Although there are a few minor events in Marquez's muted novella - a funeral, a trip to the casino, the arrival of a circus, a cockfight trial - the story is more concerned with the mundane fact of the colonel's repetitive everyday existence, his domestic rituals, walks, conversations, his waiting for the official letter confirming his pension that never comes. Details about the region's political situation and history filter through gradually, and despite a shortage of exterior detail, there is some local colour - the postmaster drinking pink froth as he makes his way through harbour stalls to meet the launch; the priest who gives movie censorship details by bell-ringing, spying on the cinema to note the disobedient.
'No-one writes to the colonel' is a portrait of old age, that period when physical decay conflicts with still-alert mental pride; the dependence on others with the unreliability of family, friends or the State; increasing poverty with forlorn attempts at gentility; the dreadful trauma of outliving your children; the perhaps worse fate of seeing your ideals and efforts fail, the world constituted in someone else's image.
Your pleasure in this story will probably depend on how you take the colonel, from whose point of view it is almost entirely narrated - he has no interior life, there are no accounts of his feelings or opinions beyond what he says to others, so revelation of his character must be gleaned through movement and the things he notices. The focus on mundane objects, conversations and rituals takes on a spiritual force, but can come close to sentimentality as Marquez over-eggs the colonel's dignity; although it is just as easy to see the hero as a kind of moral monster in the way he treats his wife so that he can uphold his dubious honour.
'Colonel' is written in that Hemingway-esque style which is always called 'deceptively simple': there are few of the heart-quickening flourishes that made Marquez's masterpiece '100 Years of solitude' so magical - a brilliant funeral scene where the wilting Colonel is addressed by the corpse; a crisp December morning in which the privy livitates, if only for a milimetre.
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2 of 2 people found the following review helpful
5.0 out of 5 stars highly recommend, May 9, 2010
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This review is from: No One Writes to the Colonel: and Other Stories (Perennial Classics) (Paperback)
The part that made me the most happy was how "One-Hundred years of Solitude" got referenced. This is a collection of short stories that is an easy read. The writing style is such that you can "see" what the author is saying. This may also be one of the most strange banterings between man and wife I have seen.
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2 of 2 people found the following review helpful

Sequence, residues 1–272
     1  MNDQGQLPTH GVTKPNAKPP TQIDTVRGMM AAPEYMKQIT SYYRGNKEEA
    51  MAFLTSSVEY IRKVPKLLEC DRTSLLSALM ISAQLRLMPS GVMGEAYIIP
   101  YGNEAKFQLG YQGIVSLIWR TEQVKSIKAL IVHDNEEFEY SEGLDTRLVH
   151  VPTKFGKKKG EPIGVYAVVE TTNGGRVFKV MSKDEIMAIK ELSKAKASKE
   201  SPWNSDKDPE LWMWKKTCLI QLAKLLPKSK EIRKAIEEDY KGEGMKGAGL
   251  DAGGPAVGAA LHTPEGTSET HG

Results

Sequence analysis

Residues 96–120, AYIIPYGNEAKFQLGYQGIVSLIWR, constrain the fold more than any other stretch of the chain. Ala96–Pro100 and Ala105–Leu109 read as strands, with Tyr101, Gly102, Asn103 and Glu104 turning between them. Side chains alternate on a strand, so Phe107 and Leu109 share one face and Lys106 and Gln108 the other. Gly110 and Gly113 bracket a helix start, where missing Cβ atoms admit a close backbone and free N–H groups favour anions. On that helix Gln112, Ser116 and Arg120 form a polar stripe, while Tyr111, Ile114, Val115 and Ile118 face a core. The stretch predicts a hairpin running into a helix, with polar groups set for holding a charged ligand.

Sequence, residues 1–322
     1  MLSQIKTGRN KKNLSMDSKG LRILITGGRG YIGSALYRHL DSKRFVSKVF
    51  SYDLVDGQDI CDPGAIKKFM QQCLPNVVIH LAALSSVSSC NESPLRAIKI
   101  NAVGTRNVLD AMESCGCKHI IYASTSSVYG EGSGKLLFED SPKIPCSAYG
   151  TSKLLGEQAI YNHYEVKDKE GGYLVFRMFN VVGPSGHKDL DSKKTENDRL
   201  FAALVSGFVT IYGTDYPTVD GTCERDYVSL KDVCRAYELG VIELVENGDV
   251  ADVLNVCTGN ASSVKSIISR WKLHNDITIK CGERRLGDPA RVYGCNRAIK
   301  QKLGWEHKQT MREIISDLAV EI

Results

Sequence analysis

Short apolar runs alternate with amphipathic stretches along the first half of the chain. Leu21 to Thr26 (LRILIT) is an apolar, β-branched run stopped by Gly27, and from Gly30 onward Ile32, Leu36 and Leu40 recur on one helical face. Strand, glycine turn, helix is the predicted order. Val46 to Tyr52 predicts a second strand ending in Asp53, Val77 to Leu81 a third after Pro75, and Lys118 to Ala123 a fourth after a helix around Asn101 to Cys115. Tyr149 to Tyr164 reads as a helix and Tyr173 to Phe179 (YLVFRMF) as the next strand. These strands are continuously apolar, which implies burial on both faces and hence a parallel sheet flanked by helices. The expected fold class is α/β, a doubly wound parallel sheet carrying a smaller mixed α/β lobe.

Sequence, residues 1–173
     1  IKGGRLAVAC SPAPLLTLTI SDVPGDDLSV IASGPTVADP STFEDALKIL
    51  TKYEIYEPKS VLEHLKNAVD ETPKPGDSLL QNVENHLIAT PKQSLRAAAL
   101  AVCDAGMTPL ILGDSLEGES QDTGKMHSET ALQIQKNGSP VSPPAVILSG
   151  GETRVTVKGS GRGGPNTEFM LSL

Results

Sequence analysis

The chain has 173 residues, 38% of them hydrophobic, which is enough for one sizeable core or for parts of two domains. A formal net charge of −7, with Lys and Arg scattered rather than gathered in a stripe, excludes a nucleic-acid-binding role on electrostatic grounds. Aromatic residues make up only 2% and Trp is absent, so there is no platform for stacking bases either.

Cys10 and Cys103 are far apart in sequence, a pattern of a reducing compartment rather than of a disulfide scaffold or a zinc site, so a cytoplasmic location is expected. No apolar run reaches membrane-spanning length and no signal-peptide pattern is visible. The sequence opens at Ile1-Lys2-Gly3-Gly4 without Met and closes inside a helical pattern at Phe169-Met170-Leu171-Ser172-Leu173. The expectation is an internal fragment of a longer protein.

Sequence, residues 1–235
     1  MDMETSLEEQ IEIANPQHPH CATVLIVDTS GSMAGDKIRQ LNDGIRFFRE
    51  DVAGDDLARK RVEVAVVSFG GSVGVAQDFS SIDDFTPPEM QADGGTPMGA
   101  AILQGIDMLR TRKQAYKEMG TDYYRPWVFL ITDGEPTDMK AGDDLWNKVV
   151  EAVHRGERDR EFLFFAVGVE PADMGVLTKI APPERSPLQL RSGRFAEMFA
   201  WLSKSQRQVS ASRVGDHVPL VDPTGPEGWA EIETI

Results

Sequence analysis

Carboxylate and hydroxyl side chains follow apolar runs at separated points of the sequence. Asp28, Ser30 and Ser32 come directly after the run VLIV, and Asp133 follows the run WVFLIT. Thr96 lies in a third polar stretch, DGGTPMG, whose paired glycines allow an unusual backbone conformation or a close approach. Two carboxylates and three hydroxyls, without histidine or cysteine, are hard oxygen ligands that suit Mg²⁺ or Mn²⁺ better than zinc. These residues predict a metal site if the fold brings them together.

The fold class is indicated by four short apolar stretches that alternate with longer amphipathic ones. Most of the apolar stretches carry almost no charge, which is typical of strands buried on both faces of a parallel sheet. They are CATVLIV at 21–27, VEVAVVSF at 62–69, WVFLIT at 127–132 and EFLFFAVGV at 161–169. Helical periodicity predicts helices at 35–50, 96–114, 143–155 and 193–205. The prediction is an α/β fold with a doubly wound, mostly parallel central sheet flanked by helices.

5.0 out of 5 stars Sad and Depressing but such a well written story, October 10, 2009
This review is from: No One Writes to the Colonel: and Other Stories (Perennial Classics) (Paperback)
Every time when I'm feeling lonely, I always say "No one writes to the Colonel". That's the feeling that you take away from this book, I def would not recommend this book if your standing on the edge of the rooftop cause you probably will jump (then again i don't recommend reading on edges of rooftops either). The book tells a story of a aging, dying, old man, who fought alongside General Buendia in his heyday, who is waiting for pension from the war day after day. He lost his son, his wife is dying everyday from asthma, he sold all his belongings to pay for food including his son prize fighting cock, all he have left is the hope that one day all his troubles will end when finally receive his pension.

One of the central theme in this book is "money isn't everything unless you don't have any".
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1 of 1 people found the following review helpful
5.0 out of 5 stars Another great short story, March 6, 2008
By 
Always Reading (Fort Washington, MD USA) - See all my reviews
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As usual, Garcia Marquez delivers. Serious social commentary - all of us know about folks who serve their country in wars, to live in poverty and neglect when they return home - but great story!
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4.0 out of 5 stars Quirky, humane story telling by the master, July 22, 2014
By 
keetmom (South Africa) - See all my reviews
This review is from: No One Writes to the Colonel: and Other Stories (Perennial Classics) (Paperback)
This small book hosts a collection of interlinked stories that superbly reflect the qualities of Gabriel Garcia Marquez's richly atmospheric writing. The setting is a poor village in a dysfunctional Latin American country where poverty and criminal power-plays dominate the lives of the residents. This could make for sombre reading, but Garcia Marquez captures a different reality, allowing his reader to laugh and cry along with the quirky individuals whose hopes and fears he exposes in critical moments of their lives. It is in the smallest details - the matter of a rooster or some billiard balls - that the power of the stories vests, rather than the big dramas, making them all the more memorable.
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2 of 3 people found the following review helpful
4.0 out of 5 stars Colonel, October 27, 2007
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This review is from: No One Writes to the Colonel: and Other Stories (Perennial Classics) (Paperback)
An excellent translation of Garcia Marques's short stories.
The work is exact word by word. Wish they publish the original in Spanish as well. As a student of Spanish literary, this work is a great help.
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2.0 out of 5 stars Two Stars, July 14, 2014
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This review is from: No One Writes to the Colonel: and Other Stories (Perennial Classics) (Paperback)
The title story was tedious reading for me, but I am going to read it again
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No One Writes to the Colonel: and Other Stories (Perennial Classics)
No One Writes to the Colonel: and Other Stories (Perennial Classics) by Gabriel Garcia Marquez (Paperback - February 1, 2005)